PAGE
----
There is a widespread notion, especially it seems in England, that Patrick White is a novelist of the first order. His rise to prominence has been quite sudden; after three early novels had passed without notice, The Tree of Man (1952) was greeted as a major work, and comparisons with Lawrence, Faulkner, Melville and even Dostoevsky recurred in reviews. His next novel, Voss won a major literary award, and his latest, Riders in the Chariot, has received consistently favourable reviews. And now, by a curious retrospection, The Living and the Dead, first published in America in 1941, is being highly praised on its first publication here—though this is an unimpressive book, and certainly White’s weakest. This error in judgment, however, is symptomatic; for there is a disturbing vagueness behind the enthusiasm for White’s work and, I believe, a general failure to distinguish between his intention and his achievement.

The books certainly have a largeness of conception which sets them apart from most contemporary English novels, with their prudently limited studies of social behaviour. White is, if nothing else, a write on the grand scale; and—partly as a reaction to specifically Australian conditions—he has deliberately aimed high. Writing of The Tree of Man, he says:

“Because the void I had to fill was so immense, I wanted to try to suggest in this book every possible aspect of life, through the lives of an ordinary man and woman. But at the same time I wanted to discover the extraordinary behind the ordinary, the mystery and poetry which alone could make bearable the lives of such people, and incidentally, my own life since my return.”

The next novel, Voss, was written partly as a reply to what he feels is the typically Australian novel, “the dreary, dun-coloured offspring of journalistic realism”. He tries instead to convey through the theme and characters of Voss “what Delacroix and Blake might have seen, what Mahler and Liszt might have heard”. Like his own character, Voss, he is apparently trying to “discard the inessential and attempt the infinite”, and he rejects the realm of social living as not only inessential, but as a distraction from the more permanent elements of man’s experience. He seeks a heightened reality, born of isolation and suffering, which he finds in the lives of outcasts, the socially rejected, even the insane. Theodora Goodman in The Aunt’s Story, the explorer, Voss, the illuminates in Riders in the Chariot—all are hopelessly alienated from society and from the values and perceptions on which it depends. Even the comparatively normal characters in The Tree of Man lead lives which are drastically simplified by their frontier existence. But it is through this isolation, and through the suffering it brings them that they achieve a spiritual awareness denied to those who are cushioned by social forms from the shocks of reality. Civilised society in White’s work is consistently seen as a subject for satire and parody. This partly springs from his dislike of the vacuous conformity of Australian suburbia; but it has a deeper root in White’s apparent belief that the world of men and manners is of little consequence. By alienating his characters from this world, he attempts to show through them a more general human condition which he believes is never discernible in the treadmill of the quotidian. In fact it is precisely because of their isolation, he would argue, that their lives can reveal archetypal patterns in experience.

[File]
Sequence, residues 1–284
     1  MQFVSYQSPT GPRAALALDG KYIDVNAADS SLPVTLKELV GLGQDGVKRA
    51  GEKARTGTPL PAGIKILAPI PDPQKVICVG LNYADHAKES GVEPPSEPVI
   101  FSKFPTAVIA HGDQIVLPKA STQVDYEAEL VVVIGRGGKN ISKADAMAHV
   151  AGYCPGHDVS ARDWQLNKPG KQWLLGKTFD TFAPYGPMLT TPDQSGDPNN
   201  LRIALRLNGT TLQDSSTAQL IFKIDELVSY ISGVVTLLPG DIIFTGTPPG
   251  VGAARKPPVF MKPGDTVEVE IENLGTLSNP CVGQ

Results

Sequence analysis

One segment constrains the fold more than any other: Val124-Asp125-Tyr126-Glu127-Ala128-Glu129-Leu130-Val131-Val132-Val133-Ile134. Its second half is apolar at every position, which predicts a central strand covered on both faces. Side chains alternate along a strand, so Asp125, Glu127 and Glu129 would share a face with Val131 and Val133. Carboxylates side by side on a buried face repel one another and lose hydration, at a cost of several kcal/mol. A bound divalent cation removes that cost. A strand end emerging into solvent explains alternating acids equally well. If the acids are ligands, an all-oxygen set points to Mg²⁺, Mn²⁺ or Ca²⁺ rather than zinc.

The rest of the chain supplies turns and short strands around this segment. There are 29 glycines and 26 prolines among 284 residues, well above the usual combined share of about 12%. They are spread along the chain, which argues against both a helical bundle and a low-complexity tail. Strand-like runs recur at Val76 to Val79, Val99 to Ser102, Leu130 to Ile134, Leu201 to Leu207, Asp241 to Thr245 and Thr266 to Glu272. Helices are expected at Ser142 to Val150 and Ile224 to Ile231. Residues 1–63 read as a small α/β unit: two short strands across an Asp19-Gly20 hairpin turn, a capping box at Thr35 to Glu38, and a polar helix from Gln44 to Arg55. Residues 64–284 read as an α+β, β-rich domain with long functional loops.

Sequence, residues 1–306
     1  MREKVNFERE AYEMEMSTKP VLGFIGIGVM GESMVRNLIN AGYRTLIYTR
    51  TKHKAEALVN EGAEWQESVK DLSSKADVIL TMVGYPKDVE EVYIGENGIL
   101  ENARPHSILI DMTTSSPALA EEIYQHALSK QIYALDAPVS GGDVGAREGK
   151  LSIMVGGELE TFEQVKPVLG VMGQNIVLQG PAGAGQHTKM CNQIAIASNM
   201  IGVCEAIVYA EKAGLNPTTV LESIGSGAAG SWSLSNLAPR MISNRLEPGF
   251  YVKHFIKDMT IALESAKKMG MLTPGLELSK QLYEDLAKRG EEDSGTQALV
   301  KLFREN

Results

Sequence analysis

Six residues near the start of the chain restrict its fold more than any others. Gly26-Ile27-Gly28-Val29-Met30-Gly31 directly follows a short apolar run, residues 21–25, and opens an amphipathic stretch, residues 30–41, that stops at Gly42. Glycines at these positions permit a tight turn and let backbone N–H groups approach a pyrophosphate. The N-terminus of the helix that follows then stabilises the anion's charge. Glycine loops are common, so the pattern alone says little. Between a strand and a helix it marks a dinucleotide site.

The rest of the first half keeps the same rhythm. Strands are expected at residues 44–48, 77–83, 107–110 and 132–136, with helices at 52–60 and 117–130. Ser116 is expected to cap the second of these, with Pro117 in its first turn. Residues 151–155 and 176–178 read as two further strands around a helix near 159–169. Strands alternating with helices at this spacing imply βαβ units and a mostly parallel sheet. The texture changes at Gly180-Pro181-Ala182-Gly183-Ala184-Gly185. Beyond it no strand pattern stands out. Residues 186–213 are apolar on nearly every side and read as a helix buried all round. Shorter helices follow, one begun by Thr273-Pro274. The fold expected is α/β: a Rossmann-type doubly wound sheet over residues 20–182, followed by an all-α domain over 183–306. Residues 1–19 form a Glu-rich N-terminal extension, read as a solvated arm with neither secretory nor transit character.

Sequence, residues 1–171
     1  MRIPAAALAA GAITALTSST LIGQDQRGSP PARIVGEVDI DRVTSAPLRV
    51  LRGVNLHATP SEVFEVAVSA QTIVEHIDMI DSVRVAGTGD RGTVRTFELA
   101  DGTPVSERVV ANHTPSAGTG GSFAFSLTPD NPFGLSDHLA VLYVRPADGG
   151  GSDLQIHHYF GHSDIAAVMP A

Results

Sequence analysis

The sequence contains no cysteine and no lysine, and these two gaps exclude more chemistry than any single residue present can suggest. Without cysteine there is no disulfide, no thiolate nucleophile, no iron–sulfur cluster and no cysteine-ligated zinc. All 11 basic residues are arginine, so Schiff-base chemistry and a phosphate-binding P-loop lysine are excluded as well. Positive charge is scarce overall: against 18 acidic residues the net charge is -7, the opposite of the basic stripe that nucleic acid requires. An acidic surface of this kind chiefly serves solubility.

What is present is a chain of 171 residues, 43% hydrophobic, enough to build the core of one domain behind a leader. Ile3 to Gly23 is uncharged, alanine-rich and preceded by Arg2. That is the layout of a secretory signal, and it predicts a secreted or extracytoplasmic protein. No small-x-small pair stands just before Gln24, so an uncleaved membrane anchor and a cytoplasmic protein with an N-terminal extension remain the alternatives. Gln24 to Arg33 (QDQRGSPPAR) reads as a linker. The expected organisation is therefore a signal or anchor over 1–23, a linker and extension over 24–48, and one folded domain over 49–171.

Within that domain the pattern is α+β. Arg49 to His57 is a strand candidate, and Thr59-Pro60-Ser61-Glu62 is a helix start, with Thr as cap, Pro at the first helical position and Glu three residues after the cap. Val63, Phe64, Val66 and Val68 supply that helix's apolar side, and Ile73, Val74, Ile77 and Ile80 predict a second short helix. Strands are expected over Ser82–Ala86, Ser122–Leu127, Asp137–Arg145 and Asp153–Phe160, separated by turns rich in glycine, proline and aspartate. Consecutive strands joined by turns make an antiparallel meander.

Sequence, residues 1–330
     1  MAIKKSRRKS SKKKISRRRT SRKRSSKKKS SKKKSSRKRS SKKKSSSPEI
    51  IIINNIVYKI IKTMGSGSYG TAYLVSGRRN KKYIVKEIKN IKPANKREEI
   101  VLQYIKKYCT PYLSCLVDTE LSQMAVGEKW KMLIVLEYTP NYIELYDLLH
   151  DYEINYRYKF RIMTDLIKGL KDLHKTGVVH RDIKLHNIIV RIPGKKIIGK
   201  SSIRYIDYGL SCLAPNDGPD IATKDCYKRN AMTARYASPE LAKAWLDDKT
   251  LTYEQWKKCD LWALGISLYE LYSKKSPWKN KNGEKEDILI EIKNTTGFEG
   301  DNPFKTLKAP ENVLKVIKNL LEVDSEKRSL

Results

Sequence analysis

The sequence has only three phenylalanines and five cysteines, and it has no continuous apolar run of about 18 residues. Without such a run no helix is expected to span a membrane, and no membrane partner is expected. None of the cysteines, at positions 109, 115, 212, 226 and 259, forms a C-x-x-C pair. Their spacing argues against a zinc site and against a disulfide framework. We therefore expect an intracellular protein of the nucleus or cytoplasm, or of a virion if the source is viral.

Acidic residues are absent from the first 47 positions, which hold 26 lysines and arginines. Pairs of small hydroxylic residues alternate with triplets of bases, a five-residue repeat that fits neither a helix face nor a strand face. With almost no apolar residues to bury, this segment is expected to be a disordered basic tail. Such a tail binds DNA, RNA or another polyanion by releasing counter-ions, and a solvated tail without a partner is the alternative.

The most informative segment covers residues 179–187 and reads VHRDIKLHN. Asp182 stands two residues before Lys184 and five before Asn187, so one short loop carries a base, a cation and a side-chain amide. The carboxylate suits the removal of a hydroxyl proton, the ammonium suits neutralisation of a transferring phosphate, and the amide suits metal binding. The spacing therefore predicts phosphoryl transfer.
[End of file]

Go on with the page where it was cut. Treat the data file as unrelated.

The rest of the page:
Clearly White is attempting major themes; but it is also clear that his books raise critical difficulties which reviewers tend to evade. They seem on the whole to accept his own conception of his work, and adjectives such as “visionary”, “metaphysical” and “poetic” recur frequently. Many critics evidently share White’s own sense of a gap between the different levels of reality—the “realistic” and the “poetic”—as well as his impatience with a good deal of contemporary writing. Various Australian writers, for instance, have pointed out that White has extended the range of Australian fiction “not only by his experiments with form and language . . . but by conceiving and acting out the drama of his characters in an imaginative world with one more dimension than novelists generally recognise as existing”. This claim is hardly clarified when the same writer goes on to describe the new “dimension” as “metaphysical, mythopoeic, religious”. English reviewers have found the same qualities. White—with Durrell, Pasternak and Nabokov—has been suggested as one of the alternatives to the unambitious novels of social realism: these writers are evidently practitioners of the “poetic” novel. Some have praised him for his experiments with language, without asking the obvious question: what exactly is he doing with language, and are his eccentricities a means of exploring areas of experience inaccessible to normal narrative techniques? A. Alvarez, although he sees the dangers of “hepped-up” poeticising, is almost equally vague when he praises White because, like Joyce, he is a master of “myths” and because he uses the novel “to explore a territory usually reserved for poetry”. The reference to Joyce surely suggests the inadequacy of any simple dichotomy between social realism and “poetic” writing. There is a similar vagueness in a long article in The Times Literary Supplement which describes the novels as “parables” which “set up resonances beyond the narrative framework” and “pursue truth beyond the obvious” into the realms of enigma. This kind of praise is not unlike the kind of response elicited by the fables of William Golding. And indeed these writers are in an important way comparable : they both share an interest in man sub specie aeternitas, and their appeal stems partly from the boldness of their claims to offer immediate images of essential human problems. But with both we need to ask—as too few critics have done—whether the narrowing of range is the conditions of a true concentration, reflecting a wider range of life; or whether it is the narrowness of a subjective patterning of experience which never achieves the universality it claims.